If I had been smarter, older, happier, I would have laughed at him for saying these things, but at that moment, those words gave me exactly what I was searching for. My beauty would not go away. He’d love me forever.

So I gave in, I surrendered. He was the first man who ended up in my bed. I seduced the others, but always denied them what they really wanted. I could not deny Paris anything. Maybe I already felt that even trying was in vain. Paris always got what he wanted. He pushed me so far that one night, I left my house, I left my life and entered the greatest nightmare I’ve ever lived. I thought I was desperate, but until that day, my life had been the happiest it would ever get.

“Do you love me, Helen?”
“Of course, how could I not love you?”
“Will you love me as long as I love you?”
“Longer, Paris.”
“No, really.”
“If I cut off you arms and your legs, will you still love me anyway?”
“I want to be more than my body. My body is but beauty. I am more than a pretty creature. I want to be able to love just because I love, Paris.”

It’s only now that I can see the horror I’ve caused. But when entering the ship, I believed I would be happy – finally.

*more to come soon!*

Helen (part 1)

I’m Helen, and I’m beautiful.

That’s what they tell me when they see me. They gasp for air, put their hand on their chest, and utter admiringly that I’m the fairest om all women in Sparta, of all women they’ve ever seen, of all women of the entire world. Every sign of beauty they mention, and I’ve got them all. Hands as soft as the skin of a new-born, eyes in which you can drown by just looking at them, lips as sensual as those of Aphrodite.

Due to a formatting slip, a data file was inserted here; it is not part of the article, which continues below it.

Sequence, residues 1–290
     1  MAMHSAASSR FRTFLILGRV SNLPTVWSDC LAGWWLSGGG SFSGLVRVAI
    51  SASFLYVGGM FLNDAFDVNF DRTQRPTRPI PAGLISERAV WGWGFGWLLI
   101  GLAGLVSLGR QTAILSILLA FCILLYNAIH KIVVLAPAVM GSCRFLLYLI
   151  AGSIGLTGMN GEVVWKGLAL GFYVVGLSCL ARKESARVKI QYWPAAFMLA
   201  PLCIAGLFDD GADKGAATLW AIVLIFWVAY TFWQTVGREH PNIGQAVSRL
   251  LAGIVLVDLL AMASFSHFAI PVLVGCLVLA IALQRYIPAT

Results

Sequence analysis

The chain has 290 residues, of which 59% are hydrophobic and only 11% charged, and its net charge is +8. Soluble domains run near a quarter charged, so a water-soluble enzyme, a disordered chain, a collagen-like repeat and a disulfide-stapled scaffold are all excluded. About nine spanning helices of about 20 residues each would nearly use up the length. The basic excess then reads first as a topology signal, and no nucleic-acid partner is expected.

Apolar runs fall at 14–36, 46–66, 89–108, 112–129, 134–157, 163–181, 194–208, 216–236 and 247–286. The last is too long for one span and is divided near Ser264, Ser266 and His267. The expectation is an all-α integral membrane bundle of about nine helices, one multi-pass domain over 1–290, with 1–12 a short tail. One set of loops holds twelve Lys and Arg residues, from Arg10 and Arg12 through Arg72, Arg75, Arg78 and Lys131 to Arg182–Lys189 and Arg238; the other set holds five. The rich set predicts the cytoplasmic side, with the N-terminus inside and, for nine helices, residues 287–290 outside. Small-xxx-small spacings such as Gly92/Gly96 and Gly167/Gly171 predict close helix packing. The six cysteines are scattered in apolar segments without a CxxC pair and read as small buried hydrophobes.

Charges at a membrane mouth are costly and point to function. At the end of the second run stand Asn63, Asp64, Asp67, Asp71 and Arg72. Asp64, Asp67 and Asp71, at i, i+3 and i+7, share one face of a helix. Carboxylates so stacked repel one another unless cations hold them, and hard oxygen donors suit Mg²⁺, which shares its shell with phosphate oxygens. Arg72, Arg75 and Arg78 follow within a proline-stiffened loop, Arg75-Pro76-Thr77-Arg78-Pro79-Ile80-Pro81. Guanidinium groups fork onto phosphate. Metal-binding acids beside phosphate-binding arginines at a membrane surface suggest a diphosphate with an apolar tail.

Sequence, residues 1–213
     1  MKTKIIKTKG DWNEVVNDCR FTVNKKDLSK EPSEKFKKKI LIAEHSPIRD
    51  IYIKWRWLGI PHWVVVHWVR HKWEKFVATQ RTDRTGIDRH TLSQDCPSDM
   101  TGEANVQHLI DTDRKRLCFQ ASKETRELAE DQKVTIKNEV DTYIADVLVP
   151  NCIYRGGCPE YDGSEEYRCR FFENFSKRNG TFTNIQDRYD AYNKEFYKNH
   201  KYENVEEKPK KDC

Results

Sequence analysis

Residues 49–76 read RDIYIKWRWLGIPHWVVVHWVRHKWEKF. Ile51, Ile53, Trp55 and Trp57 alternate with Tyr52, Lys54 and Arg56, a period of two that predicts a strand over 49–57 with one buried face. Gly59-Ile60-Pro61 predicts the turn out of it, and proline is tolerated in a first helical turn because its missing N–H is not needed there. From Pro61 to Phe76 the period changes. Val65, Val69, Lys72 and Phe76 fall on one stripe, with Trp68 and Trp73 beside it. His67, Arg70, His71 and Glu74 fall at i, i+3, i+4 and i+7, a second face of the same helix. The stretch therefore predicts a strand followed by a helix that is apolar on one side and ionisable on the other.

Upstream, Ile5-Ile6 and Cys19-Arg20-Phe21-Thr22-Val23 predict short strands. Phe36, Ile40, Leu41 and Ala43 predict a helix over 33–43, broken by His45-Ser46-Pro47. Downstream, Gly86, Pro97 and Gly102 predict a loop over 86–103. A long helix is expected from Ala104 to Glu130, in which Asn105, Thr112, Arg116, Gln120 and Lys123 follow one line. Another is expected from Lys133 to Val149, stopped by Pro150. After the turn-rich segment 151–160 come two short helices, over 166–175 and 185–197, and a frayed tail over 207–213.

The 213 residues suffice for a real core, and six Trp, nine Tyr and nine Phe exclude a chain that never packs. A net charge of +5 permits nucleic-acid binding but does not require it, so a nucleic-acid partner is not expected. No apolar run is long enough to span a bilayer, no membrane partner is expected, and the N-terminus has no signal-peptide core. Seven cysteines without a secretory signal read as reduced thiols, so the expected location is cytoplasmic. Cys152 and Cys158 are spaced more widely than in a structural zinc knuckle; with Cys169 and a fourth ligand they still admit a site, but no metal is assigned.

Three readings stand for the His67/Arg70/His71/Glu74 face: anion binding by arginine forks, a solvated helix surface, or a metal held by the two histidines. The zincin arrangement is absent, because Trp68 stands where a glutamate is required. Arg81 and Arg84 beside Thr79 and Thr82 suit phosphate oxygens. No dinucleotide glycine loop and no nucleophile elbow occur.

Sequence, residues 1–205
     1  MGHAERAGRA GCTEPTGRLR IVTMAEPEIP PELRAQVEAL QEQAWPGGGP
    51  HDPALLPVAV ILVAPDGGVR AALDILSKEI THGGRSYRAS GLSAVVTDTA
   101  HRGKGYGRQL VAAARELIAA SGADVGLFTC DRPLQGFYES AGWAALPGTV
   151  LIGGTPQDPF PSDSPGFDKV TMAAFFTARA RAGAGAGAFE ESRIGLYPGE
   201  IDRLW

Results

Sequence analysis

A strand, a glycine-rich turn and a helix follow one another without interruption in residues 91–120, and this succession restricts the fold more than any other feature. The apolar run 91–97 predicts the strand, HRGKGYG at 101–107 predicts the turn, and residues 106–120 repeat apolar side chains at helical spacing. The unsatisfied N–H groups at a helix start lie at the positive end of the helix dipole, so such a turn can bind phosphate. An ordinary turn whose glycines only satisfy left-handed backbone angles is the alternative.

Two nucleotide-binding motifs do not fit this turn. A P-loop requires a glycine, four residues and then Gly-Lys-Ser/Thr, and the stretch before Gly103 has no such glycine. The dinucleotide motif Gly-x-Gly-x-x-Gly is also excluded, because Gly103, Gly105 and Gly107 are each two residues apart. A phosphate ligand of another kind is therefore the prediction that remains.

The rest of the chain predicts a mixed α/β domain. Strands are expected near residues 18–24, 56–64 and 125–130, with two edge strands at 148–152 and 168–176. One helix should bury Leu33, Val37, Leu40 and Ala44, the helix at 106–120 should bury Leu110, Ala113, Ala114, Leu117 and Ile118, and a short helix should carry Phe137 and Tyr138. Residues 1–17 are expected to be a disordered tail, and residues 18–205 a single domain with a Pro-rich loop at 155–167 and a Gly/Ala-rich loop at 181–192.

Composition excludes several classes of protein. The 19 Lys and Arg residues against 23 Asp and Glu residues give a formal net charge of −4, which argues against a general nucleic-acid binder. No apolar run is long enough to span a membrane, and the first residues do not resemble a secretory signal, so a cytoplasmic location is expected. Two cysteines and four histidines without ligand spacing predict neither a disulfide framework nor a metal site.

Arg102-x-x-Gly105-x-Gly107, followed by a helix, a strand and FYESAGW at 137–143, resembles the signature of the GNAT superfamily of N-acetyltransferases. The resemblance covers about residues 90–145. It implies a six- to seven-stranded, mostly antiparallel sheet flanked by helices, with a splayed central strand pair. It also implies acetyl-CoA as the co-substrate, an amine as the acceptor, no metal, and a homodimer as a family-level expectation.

At least, that’s what they used to tell me. No I’ve grown old, like everyone else, and old age is never beautiful. But once, once all men worshipped me for my face and my body. They lay at my feet. They begged for my attention. Only now I realise that they saw what they expected to see. Beauty is in the eye of the beholder. If they want to see you as an image of perfection, they will trick their own minds and they will see nothing but sheer beauty.

And yet, beauty does not bring happiness. I had to marry, like every woman has to marry, and there were plenty of men willing to have me in their bed. Of all those men, Menelaus got me. He was strong, not very tall, and proud of his victory. He showed me to all his friends, to all his enemies with whom he drove a trade.
Look at her eyes, at her mouth! Have you ever seen such perfection? And those perfect proportions!
Once, one of his friends slyly asked if I was as good horizontally as vertically. The men laughed. I took revenge by seducing him, that night, but before he could touch me, I turned around and faced my own husband, who was standing there. He had seen that man attempting to touch me, and they never spoke again. He was ruined. That was my victory.

Menelaus was just a man, not interested in what I said or did. I just had to be pretty and that was it. Don’t say a word, Helen. Shut your mouth and smile. Your smile could kill. Oh Helen, like your beauty was treacherous!

It was. Some priests used to scream out loud that beauty caused death, and in the end they were right. I cursed everyone by using my looks.

But it wasn’t just my fault. How many had I spent obeying Menelaus, not saying a single word because that wouldn’t please him? Year after year, I felt the pain of transiency. One day, I thought, I would no longer be as pretty as I am now, and Menelaus would leave me, and I would no longer be loved. Year after year, the mirror started to grow viler, until I was on the edge of being desperate.

One day, it would all be over and I would be that woman who used to be beautiful.

I searched for attention and compliments and affirmation everywhere. Tell me how pretty I am. Tell me, please. Every man had to die of love for me, if not, I could not be happy. I only got my looks. Nothing but the most fading of all things. Every man entering our house had to feel a burning  desire for me.

And that’s why Paris ended up in my bed, and I killed all those men and women who still haunt me in my sleep.